Custody/Separation Policy

Information Sheet on Custody/Separation

The Staff of Scoil Mhuire encourage parents experiencing separation to come and speak confidentially to the teachers and/or Principal. It is our aim to handle such matters with sensitivity and compassion, and ultimately, our primary concern is for the well being and overall development of the child. When a child spends time in two homes, it is requested that the school be provided with both sets of emergency/contact numbers. Regarding the collection of child/ren from school - it is requested that the school be informed of any changes in collection arrangements by note. It is the school policy to offer the option of separate parent/teacher meetings, if so desired (arranged in January). It is assumed that when we wish to communicate with parents regarding their child, the parent who is contacted (i.e. the parent with whom the child principally resides) will inform the other parent of meetings, arrangements etc. Special requests for separate communication can be accommodated:

  • Regarding notes, school communication via schoolbags, school reports etc, it is assumed that the parent with whom the child principally resides will keep the other parent informed.
  • In the case of married parents, the school cannot be asked to withhold a child from either parent in the absence of a custody arrangement. In the case of unmarried parents, the natural father has no custody or guardianship rights unless a court grants those rights to him. The onus is on the father to produce evidence of a court order in the case of a dispute regarding the collection of a child during or after school.
  • The staff of Scoil Mhuire will endeavour at all times to deal sensitively and caringly with children experiencing separation. The staff can recommend books, videos, publications etc. dealing with the issue of separation, on request.

Access Rights to Children in Schools – Notes for Principals/Teachers

The issue of child custody, as it applies to the right of either parent/guardian to collect their child(ren) from school is often highly charged with emotion and great pressure is put on Principals/teachers. The classic scenario presents where one parent will inform the principal that there is a relationship breakdown with the added hypothesis of the likelihood that the estranged parent may collect the child and abscond. Such a scenario is quite frightening and presents nightmare images. However, from the Principal’s perspective there is no legal basis for the class teacher or Principal to deny either parent or guardian the right to collect his/her child from school unless there is a court order instructing the school otherwise. A solicitor’s letter is not a court order. Anyone can ask a solicitor to write a letter on their behalf but it has no legal standing. Some recommendations:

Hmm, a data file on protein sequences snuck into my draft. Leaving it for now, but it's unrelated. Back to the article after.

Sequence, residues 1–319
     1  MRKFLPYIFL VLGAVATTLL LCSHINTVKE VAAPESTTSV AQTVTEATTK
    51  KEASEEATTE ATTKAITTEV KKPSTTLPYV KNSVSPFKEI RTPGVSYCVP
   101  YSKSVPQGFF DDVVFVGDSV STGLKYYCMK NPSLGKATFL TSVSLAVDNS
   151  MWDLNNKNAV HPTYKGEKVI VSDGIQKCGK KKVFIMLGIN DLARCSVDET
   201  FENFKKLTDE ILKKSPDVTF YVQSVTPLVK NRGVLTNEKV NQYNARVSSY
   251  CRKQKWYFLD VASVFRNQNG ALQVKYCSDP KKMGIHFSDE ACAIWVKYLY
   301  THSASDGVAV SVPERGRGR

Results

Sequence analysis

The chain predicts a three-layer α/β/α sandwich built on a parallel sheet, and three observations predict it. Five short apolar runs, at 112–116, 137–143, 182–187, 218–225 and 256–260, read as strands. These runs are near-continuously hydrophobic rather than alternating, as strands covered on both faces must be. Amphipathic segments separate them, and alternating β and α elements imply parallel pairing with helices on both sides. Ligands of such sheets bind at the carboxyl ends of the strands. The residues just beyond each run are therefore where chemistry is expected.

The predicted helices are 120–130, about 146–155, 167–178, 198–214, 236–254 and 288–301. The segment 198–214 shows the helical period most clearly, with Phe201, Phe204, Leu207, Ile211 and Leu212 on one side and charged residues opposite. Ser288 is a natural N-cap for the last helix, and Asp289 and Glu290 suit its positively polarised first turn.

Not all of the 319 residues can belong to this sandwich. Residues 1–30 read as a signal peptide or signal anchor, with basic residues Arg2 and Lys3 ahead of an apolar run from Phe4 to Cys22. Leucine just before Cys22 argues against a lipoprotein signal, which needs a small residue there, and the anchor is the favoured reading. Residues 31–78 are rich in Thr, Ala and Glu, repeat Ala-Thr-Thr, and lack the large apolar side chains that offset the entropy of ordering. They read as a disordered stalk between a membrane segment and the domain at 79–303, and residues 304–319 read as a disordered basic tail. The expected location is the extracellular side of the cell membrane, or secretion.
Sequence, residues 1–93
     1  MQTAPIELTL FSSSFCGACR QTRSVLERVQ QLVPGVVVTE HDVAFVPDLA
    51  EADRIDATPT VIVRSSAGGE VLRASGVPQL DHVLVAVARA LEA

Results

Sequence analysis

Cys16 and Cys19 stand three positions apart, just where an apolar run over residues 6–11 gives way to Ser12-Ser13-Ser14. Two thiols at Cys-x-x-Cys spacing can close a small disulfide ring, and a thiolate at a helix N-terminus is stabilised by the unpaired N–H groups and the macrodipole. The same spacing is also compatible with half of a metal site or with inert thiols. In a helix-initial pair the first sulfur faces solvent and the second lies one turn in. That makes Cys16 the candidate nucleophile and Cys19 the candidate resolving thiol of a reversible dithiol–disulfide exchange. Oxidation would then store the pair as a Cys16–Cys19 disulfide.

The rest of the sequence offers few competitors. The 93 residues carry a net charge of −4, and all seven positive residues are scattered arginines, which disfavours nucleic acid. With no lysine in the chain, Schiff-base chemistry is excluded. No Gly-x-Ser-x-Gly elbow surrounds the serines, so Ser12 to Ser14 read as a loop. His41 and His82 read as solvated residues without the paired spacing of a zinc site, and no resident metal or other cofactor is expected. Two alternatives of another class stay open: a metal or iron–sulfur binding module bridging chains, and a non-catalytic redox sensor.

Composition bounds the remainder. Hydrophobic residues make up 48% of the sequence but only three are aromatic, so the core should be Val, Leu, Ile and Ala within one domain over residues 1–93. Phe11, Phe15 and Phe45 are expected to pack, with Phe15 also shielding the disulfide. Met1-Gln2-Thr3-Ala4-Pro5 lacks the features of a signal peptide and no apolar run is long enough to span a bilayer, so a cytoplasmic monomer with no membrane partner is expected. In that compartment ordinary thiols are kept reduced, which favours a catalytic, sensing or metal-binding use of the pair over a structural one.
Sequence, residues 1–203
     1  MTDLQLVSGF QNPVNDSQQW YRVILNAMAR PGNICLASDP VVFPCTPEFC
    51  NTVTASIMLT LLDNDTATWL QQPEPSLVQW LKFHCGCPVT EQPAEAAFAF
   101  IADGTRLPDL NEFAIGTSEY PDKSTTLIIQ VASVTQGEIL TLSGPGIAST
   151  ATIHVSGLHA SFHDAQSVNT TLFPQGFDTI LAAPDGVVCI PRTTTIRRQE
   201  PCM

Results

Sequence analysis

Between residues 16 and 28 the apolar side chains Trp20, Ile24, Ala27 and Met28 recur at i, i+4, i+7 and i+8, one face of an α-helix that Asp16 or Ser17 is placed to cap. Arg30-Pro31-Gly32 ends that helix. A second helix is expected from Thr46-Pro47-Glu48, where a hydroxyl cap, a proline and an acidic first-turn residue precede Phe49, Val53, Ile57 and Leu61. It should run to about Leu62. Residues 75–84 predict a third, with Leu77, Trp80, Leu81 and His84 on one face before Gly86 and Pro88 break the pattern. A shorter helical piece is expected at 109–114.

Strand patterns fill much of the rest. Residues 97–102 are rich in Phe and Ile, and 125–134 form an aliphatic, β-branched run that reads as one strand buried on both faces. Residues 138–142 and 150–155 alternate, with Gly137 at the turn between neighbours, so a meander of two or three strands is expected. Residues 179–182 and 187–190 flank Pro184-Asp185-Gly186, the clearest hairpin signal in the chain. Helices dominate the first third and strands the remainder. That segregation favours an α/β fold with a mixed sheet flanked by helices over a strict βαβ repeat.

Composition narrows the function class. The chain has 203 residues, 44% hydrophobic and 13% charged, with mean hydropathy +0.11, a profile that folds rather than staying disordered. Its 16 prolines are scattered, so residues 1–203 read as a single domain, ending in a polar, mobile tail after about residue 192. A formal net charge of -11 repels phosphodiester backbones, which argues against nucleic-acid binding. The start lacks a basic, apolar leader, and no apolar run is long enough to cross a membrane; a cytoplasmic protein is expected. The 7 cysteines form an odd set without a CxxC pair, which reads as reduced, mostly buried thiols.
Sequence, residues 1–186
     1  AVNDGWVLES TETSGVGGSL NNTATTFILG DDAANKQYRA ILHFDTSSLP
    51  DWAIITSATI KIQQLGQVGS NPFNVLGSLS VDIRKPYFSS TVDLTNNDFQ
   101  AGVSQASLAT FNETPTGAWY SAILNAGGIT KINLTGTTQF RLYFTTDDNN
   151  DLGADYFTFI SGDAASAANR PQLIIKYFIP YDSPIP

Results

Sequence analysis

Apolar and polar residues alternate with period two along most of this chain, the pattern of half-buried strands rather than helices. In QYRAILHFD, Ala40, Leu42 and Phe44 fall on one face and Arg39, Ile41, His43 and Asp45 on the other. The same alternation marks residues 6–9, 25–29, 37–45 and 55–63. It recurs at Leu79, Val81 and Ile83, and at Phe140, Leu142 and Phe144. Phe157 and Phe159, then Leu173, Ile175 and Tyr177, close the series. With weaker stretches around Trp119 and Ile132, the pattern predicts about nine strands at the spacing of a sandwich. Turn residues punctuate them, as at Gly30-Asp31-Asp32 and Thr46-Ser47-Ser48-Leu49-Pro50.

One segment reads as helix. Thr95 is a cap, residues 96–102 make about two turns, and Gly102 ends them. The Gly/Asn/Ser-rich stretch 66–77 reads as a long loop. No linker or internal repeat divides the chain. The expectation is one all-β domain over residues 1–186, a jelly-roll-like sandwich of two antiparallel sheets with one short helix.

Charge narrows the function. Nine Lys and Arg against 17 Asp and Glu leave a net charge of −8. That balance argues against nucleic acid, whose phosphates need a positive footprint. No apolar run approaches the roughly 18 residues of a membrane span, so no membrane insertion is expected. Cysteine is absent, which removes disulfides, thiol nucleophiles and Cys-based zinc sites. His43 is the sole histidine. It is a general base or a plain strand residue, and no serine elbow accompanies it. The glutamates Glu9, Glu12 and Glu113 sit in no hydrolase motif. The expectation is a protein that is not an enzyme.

1. Inform the parent/guardian that requests for denial of access to the other partner are outside the jurisdiction of the school and therefore the school is unable to pass judgment on rights of access/collection.
  2. Suggest that if there is a serious concern about abduction or leaving the country with the child(ren), then the parents/guardian should request their solicitor to seek a court order instructing the school re. rights of access/collection etc.
  3. Meanwhile, the school can offer maximum cooperation and support to the concerned parent/guardian along the lines of:
    • That the Principal assures the concerned parent/guardian that maximum awareness and attention will be given by the class teacher and others in the school who are involved in the care of their child(ren) with respect to all aspects of parent-school communication and the collection of children.
    • In the case where the estranged parent/guardian is not known to the class teacher (often the case in larger schools), then the concerned parent/guardian should provide a family photograph enabling the class teacher to identify the person in question.
    • The class teacher/principal will inform the concerned parent/guardian immediately if the other partner contacts, calls to, or seeks to collect the child(ren) from the school.

These practical measures can in no way deny either parent/guardian access to their child(ren), but are based on basic humanitarian support for a distressed parent/guardian. Ultimately only a court order can change the existing rights of both parents/guardians.